My daughter graduated today.
Walked across the very raised stage that innumerable others have crossed over the years. Strolling fast and hard, as though with a holy purpose. Her smile wide and bright as she ended one part of her life to embrace the next.
It was tough, no doubt about it. The first time I’ve had to go through something like that with one of my kids. You think you’re going to be okay, but you’re not. I imagine it’s much like walking over a bed of hot coals—you can steel yourself all you want, but nothing can keep you from that initial shock of pain, that sense of being in a situation that just may be bigger than yourself.
I pulled it off well enough, though. I smiled and waved and cheered, and during those few times when I could help myself, I lowered my head and clenched my eyes tight. No one saw this. I at least have that. In my mind, that still makes me Daddy in my daughter’s eyes. I’m still her rock, even if today showed all those cracks I try to hide. So no, I wouldn’t say it was all a total success on my part.
If there is any comfort to be had, it’s that I’ll have plenty of other opportunities to get things right. There will be more next-time’s. This was, after all, only her fifth grade ceremony. Call it a practice run for greater things down the road.
In three years comes her junior high graduation. Four years after that, she’ll leave high school.
College will follow. Then graduate school, if she has her way.
There will be her wedding one day. Her first child. All the children after.
These are all tiny moments really, at least with regards to time. Nothing more than a few hours in the long years of my daughter’s life. But big moments, too. The kind that define the people we grow to become.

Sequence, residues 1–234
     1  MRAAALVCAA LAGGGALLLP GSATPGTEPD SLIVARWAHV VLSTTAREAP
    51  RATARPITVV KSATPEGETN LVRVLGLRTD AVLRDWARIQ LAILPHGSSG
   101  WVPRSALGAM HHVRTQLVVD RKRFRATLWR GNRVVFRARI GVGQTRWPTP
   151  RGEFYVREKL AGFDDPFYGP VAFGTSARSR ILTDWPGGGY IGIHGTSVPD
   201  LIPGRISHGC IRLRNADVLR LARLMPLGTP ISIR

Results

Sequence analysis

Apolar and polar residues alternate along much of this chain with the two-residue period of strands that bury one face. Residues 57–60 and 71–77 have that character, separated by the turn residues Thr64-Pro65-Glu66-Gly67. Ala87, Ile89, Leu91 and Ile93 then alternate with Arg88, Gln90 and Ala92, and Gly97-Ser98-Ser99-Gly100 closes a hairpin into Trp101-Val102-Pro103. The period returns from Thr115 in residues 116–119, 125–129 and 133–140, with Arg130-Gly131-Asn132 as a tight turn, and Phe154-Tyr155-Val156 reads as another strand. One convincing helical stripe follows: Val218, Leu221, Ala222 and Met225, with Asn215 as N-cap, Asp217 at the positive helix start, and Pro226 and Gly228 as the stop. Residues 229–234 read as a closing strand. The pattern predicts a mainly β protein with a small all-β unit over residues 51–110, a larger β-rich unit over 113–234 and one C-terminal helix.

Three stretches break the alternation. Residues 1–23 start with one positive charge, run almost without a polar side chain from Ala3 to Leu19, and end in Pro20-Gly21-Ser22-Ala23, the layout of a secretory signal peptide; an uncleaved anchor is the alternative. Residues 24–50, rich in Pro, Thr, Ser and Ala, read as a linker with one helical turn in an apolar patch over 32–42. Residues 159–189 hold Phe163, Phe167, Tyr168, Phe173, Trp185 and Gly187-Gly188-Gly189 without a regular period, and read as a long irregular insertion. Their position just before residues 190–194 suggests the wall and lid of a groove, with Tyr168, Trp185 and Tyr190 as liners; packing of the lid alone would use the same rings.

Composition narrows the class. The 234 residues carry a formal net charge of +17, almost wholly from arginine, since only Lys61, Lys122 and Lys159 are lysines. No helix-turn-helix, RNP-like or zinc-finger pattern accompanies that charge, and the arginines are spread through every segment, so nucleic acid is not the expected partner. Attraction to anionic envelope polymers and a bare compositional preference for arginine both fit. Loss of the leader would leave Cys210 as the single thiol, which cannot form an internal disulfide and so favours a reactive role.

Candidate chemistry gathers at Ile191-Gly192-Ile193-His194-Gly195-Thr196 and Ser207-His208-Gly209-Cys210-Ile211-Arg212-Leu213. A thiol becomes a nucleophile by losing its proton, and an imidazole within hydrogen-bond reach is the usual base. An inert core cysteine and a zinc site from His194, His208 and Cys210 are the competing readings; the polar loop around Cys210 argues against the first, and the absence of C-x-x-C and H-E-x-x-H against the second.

Funny thing about life—we trick ourselves into believing there is one birth at the beginning, one death at the end, and in the middle only a long line of rises and falls. I don’t think that’s true. I think we have a great many births and deaths in life. We all are aware of those instances when something inside of us passes on so something greater can be born.
These moments like today with my daughter? They become signposts. Their light burns long after we’ve moved on. They serve as a witness to how far we’ve truly come in our lives, something we can look back upon in those tedious times that come to us all.
I plan to be there with my daughter as she meets her own signposts. I want to stroll beside her as she takes her first steps upon the long road of her life. Because that road gets lonely sometimes, and dark. There are shadows and thickets. Sometimes, there are monsters. I know this is true. I think we all do. Maybe that’s why I lowered my head and clenched my eyes. Because I know what’s out there, and because I know it doesn’t matter how big my daughter grows or how old she gets, she’ll always be my little girl. And I pray that when her way grows weary and her walk long, the hand she will always reach for will be my own.
The Curse of Crow Hollow
“Coffey spins a wicked tale . . . [The Curse of Crow Hollow] blends folklore, superstition, and subconscious dread in the vein of Shirley Jackson’s ‘The Lottery.’”
Available online and your local bookstore.